Effect of the topography and texture of the underlying sediments on Peatlands distribution in parts of South-East Manitoba, Canada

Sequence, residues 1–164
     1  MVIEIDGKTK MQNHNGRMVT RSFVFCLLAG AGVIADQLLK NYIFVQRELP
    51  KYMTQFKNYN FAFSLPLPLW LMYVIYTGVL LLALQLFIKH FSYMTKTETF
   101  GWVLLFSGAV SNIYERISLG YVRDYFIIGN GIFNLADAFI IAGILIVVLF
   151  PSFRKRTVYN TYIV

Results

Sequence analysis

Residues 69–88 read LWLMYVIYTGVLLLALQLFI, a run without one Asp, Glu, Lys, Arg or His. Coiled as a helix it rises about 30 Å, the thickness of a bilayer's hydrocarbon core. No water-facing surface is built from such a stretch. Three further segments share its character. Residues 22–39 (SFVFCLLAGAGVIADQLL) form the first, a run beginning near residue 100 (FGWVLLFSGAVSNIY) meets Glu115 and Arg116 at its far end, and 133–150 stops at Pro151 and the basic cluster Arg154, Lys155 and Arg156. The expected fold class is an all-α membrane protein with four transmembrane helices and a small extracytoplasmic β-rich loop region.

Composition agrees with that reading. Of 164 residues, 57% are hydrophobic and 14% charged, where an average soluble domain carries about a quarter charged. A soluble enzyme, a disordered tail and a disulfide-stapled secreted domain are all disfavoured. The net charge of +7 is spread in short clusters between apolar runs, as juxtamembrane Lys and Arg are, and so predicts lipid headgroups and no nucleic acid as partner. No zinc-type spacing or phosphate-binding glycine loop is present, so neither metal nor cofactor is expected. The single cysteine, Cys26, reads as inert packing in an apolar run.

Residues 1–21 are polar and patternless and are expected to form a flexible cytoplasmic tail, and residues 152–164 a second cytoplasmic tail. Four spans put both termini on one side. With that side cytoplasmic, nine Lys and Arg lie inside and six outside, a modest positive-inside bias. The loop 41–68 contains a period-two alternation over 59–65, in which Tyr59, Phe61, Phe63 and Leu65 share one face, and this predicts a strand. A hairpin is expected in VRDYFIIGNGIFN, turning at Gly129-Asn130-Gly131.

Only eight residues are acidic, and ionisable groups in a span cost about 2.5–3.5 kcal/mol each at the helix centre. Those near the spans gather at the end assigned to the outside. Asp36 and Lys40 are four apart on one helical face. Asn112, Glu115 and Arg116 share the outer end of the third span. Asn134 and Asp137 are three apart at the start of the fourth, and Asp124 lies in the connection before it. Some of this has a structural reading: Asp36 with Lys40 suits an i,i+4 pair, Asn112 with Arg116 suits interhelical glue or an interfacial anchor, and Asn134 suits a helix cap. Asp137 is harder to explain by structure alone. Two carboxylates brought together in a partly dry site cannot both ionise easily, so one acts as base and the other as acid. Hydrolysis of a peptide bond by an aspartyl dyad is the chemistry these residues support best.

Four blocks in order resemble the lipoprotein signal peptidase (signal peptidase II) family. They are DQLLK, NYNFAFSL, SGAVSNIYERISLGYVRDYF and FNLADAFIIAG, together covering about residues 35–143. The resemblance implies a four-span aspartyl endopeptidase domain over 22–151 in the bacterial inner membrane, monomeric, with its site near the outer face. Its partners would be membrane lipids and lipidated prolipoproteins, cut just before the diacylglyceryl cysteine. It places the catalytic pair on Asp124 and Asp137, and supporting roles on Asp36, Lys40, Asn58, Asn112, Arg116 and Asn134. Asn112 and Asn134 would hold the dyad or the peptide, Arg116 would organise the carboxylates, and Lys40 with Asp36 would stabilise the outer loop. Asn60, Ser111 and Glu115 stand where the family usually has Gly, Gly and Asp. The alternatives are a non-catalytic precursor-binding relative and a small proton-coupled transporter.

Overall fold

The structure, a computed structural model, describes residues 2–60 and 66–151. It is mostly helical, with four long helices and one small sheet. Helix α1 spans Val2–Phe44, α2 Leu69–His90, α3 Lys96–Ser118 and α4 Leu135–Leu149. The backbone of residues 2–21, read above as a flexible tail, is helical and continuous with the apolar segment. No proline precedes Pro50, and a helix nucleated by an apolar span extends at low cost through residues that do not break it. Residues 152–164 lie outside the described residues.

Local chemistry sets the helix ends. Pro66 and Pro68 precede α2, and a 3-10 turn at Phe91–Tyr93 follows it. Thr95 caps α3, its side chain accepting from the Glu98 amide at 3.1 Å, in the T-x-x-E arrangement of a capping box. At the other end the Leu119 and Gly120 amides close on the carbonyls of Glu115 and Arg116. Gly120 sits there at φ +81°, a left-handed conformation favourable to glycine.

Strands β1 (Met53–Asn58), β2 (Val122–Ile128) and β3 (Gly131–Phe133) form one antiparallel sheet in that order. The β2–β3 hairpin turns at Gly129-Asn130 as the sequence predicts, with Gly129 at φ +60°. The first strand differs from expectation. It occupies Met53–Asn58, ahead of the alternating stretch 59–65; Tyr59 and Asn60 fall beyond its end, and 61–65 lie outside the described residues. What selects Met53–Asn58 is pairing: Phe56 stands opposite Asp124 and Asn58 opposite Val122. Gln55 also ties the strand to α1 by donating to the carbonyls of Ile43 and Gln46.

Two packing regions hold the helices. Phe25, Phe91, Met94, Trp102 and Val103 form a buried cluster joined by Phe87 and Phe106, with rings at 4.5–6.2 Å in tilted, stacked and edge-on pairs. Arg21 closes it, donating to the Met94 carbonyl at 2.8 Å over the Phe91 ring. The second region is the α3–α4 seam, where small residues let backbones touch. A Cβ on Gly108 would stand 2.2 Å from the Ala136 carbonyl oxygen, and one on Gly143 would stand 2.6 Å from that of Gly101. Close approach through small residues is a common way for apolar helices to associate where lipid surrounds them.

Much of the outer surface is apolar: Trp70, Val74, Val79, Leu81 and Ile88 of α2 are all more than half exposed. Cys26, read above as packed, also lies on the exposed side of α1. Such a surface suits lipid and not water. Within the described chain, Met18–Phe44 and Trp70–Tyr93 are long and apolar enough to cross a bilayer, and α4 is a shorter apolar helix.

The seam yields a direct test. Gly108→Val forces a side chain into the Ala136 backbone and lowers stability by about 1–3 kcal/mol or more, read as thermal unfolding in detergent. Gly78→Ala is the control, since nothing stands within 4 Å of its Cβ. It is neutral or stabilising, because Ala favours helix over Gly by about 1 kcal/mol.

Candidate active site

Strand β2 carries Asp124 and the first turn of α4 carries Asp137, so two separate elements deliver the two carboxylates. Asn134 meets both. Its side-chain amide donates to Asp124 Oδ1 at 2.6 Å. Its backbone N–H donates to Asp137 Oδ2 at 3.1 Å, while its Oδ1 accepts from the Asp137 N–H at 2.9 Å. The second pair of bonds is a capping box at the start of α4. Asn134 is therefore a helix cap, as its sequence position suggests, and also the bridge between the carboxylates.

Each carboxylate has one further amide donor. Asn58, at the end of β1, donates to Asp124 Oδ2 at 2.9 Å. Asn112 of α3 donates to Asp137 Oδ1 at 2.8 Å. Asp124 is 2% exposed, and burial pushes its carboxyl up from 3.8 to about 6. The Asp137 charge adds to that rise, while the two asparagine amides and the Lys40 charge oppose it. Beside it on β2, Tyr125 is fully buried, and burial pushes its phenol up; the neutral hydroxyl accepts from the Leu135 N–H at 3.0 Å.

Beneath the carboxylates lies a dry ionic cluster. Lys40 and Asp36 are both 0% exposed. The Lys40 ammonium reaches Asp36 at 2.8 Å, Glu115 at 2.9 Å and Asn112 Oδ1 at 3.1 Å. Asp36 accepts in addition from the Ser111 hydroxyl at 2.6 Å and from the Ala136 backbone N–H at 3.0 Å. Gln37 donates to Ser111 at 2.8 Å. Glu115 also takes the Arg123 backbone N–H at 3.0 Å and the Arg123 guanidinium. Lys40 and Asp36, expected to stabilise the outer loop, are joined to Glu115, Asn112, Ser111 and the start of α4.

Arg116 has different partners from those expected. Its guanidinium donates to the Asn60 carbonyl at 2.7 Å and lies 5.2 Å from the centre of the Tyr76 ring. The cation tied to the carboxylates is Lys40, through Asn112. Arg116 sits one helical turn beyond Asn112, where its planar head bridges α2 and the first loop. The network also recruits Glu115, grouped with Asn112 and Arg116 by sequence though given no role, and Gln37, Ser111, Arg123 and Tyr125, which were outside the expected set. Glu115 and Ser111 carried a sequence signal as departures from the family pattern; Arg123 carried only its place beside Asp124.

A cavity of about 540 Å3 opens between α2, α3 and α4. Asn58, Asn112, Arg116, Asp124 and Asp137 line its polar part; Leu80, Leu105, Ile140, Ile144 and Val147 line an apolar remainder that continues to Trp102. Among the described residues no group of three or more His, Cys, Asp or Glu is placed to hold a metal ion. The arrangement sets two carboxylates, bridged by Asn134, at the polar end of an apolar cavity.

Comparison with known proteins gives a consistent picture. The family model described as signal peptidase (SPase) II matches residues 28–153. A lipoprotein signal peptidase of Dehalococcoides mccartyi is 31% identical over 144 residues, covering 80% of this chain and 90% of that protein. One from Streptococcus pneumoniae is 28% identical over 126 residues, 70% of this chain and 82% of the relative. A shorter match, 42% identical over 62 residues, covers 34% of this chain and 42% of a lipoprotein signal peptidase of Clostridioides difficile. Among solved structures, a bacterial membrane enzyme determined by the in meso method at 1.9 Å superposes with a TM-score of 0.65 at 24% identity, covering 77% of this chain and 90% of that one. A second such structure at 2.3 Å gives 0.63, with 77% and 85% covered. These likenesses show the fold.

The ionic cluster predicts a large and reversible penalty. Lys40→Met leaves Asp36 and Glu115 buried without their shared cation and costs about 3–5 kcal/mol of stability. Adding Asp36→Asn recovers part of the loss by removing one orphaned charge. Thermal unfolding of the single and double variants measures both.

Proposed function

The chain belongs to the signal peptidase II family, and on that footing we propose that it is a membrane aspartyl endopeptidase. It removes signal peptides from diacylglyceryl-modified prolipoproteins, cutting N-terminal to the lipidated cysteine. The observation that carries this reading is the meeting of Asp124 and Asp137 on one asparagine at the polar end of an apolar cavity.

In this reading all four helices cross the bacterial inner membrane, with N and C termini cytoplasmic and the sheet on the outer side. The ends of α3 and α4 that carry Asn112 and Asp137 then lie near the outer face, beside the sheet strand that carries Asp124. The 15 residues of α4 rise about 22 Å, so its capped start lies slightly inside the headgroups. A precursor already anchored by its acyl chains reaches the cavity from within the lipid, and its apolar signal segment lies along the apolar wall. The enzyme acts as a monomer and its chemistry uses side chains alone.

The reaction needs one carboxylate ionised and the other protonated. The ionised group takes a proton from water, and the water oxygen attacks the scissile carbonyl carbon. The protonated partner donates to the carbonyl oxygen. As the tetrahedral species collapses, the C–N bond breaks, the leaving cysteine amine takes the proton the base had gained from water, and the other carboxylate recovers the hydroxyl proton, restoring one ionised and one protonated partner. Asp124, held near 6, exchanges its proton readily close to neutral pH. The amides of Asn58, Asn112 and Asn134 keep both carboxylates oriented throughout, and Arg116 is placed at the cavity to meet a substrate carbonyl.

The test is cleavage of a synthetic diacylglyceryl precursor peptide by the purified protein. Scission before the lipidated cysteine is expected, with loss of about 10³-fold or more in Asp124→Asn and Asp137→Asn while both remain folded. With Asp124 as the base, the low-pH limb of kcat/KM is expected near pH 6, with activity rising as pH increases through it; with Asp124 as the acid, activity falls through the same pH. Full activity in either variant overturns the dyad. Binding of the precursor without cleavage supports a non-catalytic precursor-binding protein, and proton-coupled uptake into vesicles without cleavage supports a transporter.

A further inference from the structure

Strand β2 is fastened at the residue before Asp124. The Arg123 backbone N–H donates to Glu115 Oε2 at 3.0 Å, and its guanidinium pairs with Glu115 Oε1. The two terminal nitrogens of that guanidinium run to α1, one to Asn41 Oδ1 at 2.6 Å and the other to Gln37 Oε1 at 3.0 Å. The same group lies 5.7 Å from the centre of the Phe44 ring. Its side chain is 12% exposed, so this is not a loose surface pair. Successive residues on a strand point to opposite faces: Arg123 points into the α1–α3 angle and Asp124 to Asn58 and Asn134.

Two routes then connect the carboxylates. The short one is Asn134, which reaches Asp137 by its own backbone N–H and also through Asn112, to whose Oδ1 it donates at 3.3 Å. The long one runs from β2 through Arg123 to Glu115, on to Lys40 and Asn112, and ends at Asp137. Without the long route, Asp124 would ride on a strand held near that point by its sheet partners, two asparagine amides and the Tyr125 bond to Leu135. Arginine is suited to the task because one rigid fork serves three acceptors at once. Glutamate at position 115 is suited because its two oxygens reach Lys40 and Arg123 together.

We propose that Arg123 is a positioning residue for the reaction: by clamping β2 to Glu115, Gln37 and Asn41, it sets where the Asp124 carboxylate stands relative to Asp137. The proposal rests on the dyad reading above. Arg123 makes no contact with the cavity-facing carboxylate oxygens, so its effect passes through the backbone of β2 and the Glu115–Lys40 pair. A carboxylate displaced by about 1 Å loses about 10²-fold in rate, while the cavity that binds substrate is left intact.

In peatland environments, texture and topography of the underlying soils play primary roles in water transport, energy fluxes and nutrients cycling. These in turn affect the type of peatland formation at the surface, as well as the size and thickness. This work aims to evaluate the influence of the texture and topography of the underlying sediments on peatlands distribution in South-Eastern Manitoba, as these aspects are not yet fully understood. Depths to basal sediments were measured with the aid of a spiral auger and tape rule. The measurements are then corrected to elevations above mean sea level with DGPS surface elevation measurements. Sediment cores and representative samples were then collected with a bi-partite gouge auger. The results of elevation measurements indicate that substratum elevations approach maximum values beneath forests and approach minimum values beneath bogs and fens. Textural analyses indicate the sediments are poorly sorted, with a higher proportion of fines (clay and silt) beneath the fens and bogs; the results also indicate a higher proportion of silt to clay. The clay/silt proportion varies across the landscape. Fens and forested bogs display the highest proportions of clay, while mineral soil forests and mire forests display the least amounts.